The concept of IGP evolved over 100 years ago in Germany and the first trial was held in 1901. The intent of IGP trials was to emphasise and evaluate the correct working temperament and workability. Today the exercises have changed slightly and depending on the IGP degree, with IGP1 being the first title and IGP3 the most advanced title.
Before a dog can compete for an IGP1, it must pass a temperament test called BH (Begleithundprüfung, which translates to "traffic-sure companion dog test". The BH test consists of two Parts:
- Part A is an obedience routine including heeling both on and off leash, sit, drop in motion and drop under distraction.
- Part B is a temperament test where the dog's behavior is tested in normal life situation: walk on line with other dogs, walk between strangers, be approachable by a stranger and be indifferent to passing cars, runners and bike riders.
IGP involves three phases: tracking, obedience and protection. A dog must pass all three phases in one trial to be awarded an IGP title. Each phase is judged on a 100-point scale. The minimum passing score is 70 for each phase. There are three IGP titles: IGP1, IGP2 and IIGP3. At any time the judge may dismiss a dog for showing poor temperament, including fear or aggression.
Tracking: The dog must retrace the path of a person (300-800 paces with 2-4 turns) after 20-60 minutes have elapsed and be able to find 2-3 lost articles.
Obedience: The obedience is conducted on a large field, with the dogs working in pairs. One dog is placed in a down position on the side of the field and its handler leaves it while the other dog works in the field. The dogs then switch places. In the field, there are several exercises including heeling, gun shots, heeling through a group of people. There are sit, drop and stand exercises, one or two recalls, three retrieves (flat, jump, A-frame), and a send out, in which the dog is directed to run away from the handler straight and fast and then lie down on command. The dog must not be intimidated by distraction, including the sound of a gun or a group of strangers milling about. The phase is judged on the dog's accuracy and attitude. The dog must show enthusiasm. A dog that is uninterested or unhappy scores poorly.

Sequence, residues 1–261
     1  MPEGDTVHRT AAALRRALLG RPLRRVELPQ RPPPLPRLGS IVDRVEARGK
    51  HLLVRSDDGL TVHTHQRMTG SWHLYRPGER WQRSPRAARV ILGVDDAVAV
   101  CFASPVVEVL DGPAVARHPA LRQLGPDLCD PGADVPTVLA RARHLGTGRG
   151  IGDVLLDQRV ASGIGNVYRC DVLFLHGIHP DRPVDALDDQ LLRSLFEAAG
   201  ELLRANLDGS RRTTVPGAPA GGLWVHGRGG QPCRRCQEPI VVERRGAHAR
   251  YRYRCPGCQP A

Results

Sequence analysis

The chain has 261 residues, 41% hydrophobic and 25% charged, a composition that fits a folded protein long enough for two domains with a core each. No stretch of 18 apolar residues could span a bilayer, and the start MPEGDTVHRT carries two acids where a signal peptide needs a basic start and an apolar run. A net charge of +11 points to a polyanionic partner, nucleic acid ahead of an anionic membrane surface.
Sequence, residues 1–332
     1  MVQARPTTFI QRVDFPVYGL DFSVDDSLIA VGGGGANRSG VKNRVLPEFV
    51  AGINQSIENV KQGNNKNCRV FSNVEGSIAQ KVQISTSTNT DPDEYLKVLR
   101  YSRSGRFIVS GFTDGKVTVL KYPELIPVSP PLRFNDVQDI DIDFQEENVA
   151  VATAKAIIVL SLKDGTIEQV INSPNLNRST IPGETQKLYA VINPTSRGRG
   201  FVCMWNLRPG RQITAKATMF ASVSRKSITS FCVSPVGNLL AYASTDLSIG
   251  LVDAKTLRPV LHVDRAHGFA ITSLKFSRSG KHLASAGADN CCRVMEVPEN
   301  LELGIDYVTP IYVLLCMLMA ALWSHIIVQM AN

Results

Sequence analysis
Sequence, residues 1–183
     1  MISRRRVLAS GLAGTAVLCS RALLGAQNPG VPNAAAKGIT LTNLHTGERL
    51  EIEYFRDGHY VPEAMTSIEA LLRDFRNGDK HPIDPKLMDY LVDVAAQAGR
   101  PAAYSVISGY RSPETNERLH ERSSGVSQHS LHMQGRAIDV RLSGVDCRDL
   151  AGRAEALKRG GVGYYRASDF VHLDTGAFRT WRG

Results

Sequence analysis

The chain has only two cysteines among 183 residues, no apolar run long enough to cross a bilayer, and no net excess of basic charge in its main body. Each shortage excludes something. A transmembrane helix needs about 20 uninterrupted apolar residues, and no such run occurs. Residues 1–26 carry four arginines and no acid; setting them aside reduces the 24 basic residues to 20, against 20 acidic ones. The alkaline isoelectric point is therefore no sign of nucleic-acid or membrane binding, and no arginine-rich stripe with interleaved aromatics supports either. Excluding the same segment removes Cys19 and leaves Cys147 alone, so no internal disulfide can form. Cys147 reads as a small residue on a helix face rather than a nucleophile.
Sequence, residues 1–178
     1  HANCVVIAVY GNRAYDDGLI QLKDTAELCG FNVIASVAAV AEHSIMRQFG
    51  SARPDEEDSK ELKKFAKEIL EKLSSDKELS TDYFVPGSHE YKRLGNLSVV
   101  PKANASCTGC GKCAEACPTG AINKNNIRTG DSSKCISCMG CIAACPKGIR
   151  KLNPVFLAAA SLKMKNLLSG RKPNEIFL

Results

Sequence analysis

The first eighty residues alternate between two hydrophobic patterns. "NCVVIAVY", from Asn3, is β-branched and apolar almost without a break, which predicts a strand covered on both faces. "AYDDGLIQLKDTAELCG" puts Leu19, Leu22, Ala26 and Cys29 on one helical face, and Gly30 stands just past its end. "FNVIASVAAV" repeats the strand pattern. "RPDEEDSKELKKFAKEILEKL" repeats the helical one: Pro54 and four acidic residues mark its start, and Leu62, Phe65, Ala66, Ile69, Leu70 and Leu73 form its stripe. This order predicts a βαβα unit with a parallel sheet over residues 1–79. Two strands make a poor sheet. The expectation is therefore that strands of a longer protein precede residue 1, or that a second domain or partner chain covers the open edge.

Protection and Obedience: The judge has an assistant, called a 'helper' in this phase. The helper wears a heavily padded sleeve on one arm. There are several blinds on the field. The dog is directed to search the blinds for the helper. When the dog finds the helper it indicates this by barking. This is followed by several 'assault' simulated situation, where the dog must respond properly. The dog must out when commanded to do so or it is dismissed. The dog must display courage and it all time it must show a temperament to obey the handler. A dog that shows fear, lack of control or inappropriate aggression is dismissed